Higher Education Administration
First Advisor's Name
First Advisor's Committee Title
Second Advisor's Name
Third Advisor's Name
Roger Geertz Gonzalez
Fourth Advisor's Name
International Education, Terrorism, 9/11, International Student Advisors, International Educators, Multicultural, Bilingual, SEVIS, Higher Education
Date of Defense
This dissertation focuses on the relationship between the September 11, 2001 terrorist attacks on symbols of economic and military power in the United States and the internationalization agenda of colleges and universities. The construct, “post-9/11 syndrome,” is used metaphorically to delineate the apparent state of panic and disequilibrium that followed the incident. Three research questions were investigated, with two universities in the Miami-area of South Florida, one private and the other public, as qualitative case studies. The questions are: (a) How are international student advisors and administrators across two institutional types dealing with the “post-9/11 syndrome?” (b) What, if any, are the differences in international education after 9/11? (c) What have been the institutional priorities in relation to international education before and after 9/11? Data-gathering methods included interviews with international student/study abroad advisors and administrators with at least 8 years of experience in the international education function at their institutions, review of relevant documents, and analysis of each institution’s international student and study abroad data bases. The interviews were based on the three-part scheme developed by Schuman (1982): context of experience, details of experience and reflection on the meaning of experiences. Data collection and analysis for each institution were conducted simultaneously. Taped interviews, researcher insights, and member checks of transcripts were preserved as an audit trail to provide support for the integrity and consistency of my findings. Key findings include a progressive decline in fall to fall enrollment at the University of Miami by 13.05% in the 5 years after 9/11, and by 6.15% at FIU in the 7 post-9/11 years. In both institutions, there was an upsurge in interest in study abroad during the same period, with heavy concentration in Europe but less than 5% of enrolled students ventured abroad annually. I summarized the themes associated with the post-9/11 environment of international education as perceived by my participants at both institutions as 3Ms, 3Ts, and 1D: Menace of Anxiety and Fear; Menace of Insularity and Insecurity; Menace of Over-regulation and Bigotry; Trajectory of Opportunity; Trajectory of Contradictions; Trajectory of Illusion, Fatalism and Futility; and Dominance of Technology. Based on these findings, I recommended an integrated Internationalization At Home Plus Collaborative Outreach (IAHPCO) approach to internationalization, predicated on a post-9/11 recalibration of national security and international education as complementary rather than diametrically opposed concepts.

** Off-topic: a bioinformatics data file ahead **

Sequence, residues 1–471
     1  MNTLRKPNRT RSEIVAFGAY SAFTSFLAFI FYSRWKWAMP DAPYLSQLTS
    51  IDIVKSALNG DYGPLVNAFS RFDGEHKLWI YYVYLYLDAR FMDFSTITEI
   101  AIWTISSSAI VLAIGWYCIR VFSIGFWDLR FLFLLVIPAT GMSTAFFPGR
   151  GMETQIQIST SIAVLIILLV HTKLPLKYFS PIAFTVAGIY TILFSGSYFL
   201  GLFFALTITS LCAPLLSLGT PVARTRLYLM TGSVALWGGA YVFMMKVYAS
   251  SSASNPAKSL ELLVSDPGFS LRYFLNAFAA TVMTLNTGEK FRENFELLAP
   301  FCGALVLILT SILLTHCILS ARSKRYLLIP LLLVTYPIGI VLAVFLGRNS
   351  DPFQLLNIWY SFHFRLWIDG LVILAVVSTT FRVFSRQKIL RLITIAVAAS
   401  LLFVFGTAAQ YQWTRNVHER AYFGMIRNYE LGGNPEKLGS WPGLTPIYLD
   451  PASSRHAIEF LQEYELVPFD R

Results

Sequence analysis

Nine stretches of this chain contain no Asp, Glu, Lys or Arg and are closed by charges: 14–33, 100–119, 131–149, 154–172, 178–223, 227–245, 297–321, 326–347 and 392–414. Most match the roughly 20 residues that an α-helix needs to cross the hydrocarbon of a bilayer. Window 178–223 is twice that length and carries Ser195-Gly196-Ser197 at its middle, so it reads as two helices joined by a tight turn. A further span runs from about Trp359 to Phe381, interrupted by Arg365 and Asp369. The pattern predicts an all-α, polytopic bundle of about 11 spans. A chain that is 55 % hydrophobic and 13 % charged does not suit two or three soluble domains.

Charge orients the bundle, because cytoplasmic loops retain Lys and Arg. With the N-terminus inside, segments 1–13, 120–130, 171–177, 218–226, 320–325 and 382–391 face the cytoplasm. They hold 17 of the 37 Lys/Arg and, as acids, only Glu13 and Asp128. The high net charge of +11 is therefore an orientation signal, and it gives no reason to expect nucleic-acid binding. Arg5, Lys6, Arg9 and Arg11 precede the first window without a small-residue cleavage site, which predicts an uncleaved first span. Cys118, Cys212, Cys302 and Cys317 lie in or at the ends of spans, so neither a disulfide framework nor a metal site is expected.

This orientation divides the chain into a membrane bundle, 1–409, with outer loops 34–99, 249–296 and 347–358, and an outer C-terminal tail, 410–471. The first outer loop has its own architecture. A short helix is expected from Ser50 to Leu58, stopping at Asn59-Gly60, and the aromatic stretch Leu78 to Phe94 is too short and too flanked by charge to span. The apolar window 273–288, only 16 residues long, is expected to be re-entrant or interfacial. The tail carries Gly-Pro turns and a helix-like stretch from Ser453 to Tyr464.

Tella, Oluyinka, "International Education and the Post-9/11 Syndrome: A Study of International Educators in Selected Miami-area Colleges" (2010). FIU Electronic Theses and Dissertations. 236.
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